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    The impact smoking has on your organs and medical aid cover - Medshield

    According to the South Africa Global Adult Tobacco Survey (GATS) 2021, 29.4% of adult South Africans (age 15+) are current tobacco users, including 41.7% of men and 17.9% of women. Alarmingly, 21.5% of children aged 13-15 are current tobacco users (boys 24.3%; girls 19.0%) who smoke cigarettes and other tobacco products.
    The impact smoking has on your organs and medical aid cover - Medshield

    But smoking is a habit that affects nearly every aspect of your health, from your physical appearance to your internal organs and can lead to chronic health conditions. Smoking is a leading cause of preventable death worldwide and can significantly impact your medical aid cover.

    The impact of smoking on organs

    One of the primary effects of smoking is damage to your respiratory system. Smoking causes irritation and inflammation of the lining of your airways, leading to chronic bronchitis and emphysema. These conditions cause coughing, shortness of breath, and difficulty breathing and can permanently damage your lungs. In addition to the direct damage to your lungs, smoking also increases your risk of developing lung cancer.

    Smoking can also have a significant impact on your cardiovascular system. The chemicals in tobacco smoke cause damage to your blood vessels, leading to an increased risk of heart disease and stroke. It increases your blood pressure and heart rate, making your heart work harder to pump blood through your body. It can damage your heart and blood vessels and increase your risk of developing atherosclerosis, a condition in which fatty deposits build up in your arteries and restrict blood flow.

    Your digestive system can also be affected. Smoking increases your risk of developing a range of digestive disorders, including peptic ulcers, gastroesophageal reflux disease (GERD), and colon cancer. Smoking can also interfere with the absorption of nutrients in your digestive system, leading to malnutrition.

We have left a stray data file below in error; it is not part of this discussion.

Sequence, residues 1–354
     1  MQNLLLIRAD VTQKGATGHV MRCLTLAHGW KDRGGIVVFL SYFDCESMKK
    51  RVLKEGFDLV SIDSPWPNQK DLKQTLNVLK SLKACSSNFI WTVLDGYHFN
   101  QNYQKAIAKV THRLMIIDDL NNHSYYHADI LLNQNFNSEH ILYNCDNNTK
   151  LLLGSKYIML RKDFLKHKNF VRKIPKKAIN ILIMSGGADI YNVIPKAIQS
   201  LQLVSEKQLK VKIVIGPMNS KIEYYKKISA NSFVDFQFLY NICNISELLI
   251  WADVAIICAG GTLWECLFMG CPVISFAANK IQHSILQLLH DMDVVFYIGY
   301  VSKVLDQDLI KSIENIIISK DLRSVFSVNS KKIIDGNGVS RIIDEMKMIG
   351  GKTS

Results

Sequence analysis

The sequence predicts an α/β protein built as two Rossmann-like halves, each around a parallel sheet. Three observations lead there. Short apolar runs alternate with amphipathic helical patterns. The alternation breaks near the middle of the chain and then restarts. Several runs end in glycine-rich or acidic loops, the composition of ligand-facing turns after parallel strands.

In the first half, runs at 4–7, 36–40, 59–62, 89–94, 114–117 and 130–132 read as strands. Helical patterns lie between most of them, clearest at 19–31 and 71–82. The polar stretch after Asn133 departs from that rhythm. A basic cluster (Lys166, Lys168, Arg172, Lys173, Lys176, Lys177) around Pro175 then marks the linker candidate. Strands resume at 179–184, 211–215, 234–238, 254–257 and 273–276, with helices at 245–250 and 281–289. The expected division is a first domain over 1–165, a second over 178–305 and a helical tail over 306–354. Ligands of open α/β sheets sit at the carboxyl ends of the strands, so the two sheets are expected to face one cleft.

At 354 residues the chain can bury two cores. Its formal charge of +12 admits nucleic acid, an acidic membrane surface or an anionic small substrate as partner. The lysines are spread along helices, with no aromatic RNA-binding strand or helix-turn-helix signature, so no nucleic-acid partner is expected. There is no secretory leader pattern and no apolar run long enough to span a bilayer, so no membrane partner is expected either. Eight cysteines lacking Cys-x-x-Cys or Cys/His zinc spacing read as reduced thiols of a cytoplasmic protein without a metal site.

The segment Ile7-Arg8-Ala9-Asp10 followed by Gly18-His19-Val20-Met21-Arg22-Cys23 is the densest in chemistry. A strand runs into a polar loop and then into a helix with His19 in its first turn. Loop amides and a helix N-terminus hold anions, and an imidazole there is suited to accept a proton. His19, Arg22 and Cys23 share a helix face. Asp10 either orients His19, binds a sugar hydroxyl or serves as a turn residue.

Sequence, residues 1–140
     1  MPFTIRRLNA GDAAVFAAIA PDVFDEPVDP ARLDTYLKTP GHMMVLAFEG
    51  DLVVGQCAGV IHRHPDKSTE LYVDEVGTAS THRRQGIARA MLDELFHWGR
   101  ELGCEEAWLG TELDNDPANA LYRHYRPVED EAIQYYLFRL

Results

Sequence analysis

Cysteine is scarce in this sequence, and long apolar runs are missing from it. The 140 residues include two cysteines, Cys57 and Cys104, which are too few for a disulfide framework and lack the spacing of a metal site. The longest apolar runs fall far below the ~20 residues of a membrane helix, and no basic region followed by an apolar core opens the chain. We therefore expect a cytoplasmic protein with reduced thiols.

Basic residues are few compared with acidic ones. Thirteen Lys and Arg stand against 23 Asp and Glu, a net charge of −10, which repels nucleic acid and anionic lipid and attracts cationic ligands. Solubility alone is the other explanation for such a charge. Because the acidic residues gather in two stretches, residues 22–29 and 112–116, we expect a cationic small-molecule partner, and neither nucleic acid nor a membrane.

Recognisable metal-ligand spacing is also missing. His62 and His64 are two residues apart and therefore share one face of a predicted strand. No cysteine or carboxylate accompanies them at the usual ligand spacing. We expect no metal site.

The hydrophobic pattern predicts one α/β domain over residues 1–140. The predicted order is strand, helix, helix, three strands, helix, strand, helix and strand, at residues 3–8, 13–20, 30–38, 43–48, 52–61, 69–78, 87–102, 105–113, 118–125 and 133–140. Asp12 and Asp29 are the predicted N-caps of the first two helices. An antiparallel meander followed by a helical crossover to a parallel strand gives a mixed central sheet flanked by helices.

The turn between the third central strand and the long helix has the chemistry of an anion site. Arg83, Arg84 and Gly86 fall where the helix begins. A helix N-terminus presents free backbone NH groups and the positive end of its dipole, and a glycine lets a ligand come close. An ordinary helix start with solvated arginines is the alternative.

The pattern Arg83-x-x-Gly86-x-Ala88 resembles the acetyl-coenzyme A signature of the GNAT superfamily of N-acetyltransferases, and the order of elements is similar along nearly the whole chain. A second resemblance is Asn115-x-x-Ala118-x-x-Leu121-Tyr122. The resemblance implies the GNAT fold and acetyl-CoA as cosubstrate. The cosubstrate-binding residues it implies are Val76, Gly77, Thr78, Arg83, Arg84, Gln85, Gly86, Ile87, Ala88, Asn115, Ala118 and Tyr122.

For women, smoking can lead to decreased fertility and an increased risk of pregnancy complications, including miscarriage, premature birth, and low birth weight. Smoking during pregnancy can also lead to long-term health problems for the child, including an increased risk of asthma, respiratory infections, and sudden infant death syndrome (SIDS). For men, smoking can also have an impact on reproductive health. Smoking decreases sperm count and motility and leads to erectile dysfunction. Smoking can also increase the risk of developing testicular cancer.

    Smoking significantly impacts your overall health and well-being by increasing your risk of developing various chronic conditions, including diabetes, osteoporosis, and rheumatoid arthritis. It can also worsen asthma and chronic obstructive pulmonary disease (COPD).

    How it affects medical aid cover

    Medical aid schemes in South Africa generally cover smoking-related illnesses and diseases, but they may have specific limitations and exclusions related to smoking. Most will cover treating smoking-related conditions, such as lung cancer, chronic obstructive pulmonary disease (COPD), and heart disease, under their prescribed minimum benefits (PMBs). PMBs are a set of defined benefits that medical schemes are required to cover for all their members. PMBs include diagnosing, treating, and caring for any emergency medical condition and 27 chronic diseases, including some smoking-related illnesses. It is essential to read your medical scheme's terms and conditions carefully and seek support from healthcare professionals to quit smoking and improve your health.

    Quick facts

    • Over 39,000 South Africans die from tobacco-related diseases each year.
    • Tobacco causes about 10% of male deaths, and 5% of female deaths (7.5% overall)
    • Over 13% of non-communicable disease-related deaths (ex: ischemic heart disease, stroke, diabetes, COPD, lung cancer, etc.) in South Africa are attributable to tobacco use.
    • 11.2% of adults (age 15+) who work indoors are exposed to secondhand smoke in enclosed workplaces, 10.8% in restaurants, and 18.0% inside their homes.
    • 39.3% of youth (ages 13–15) in South Africa are around others who smoke in places outside their home, and 29.0% are exposed at home.

    Source: https://www.tobaccofreekids.org/problem/toll-global/africa/south-africa

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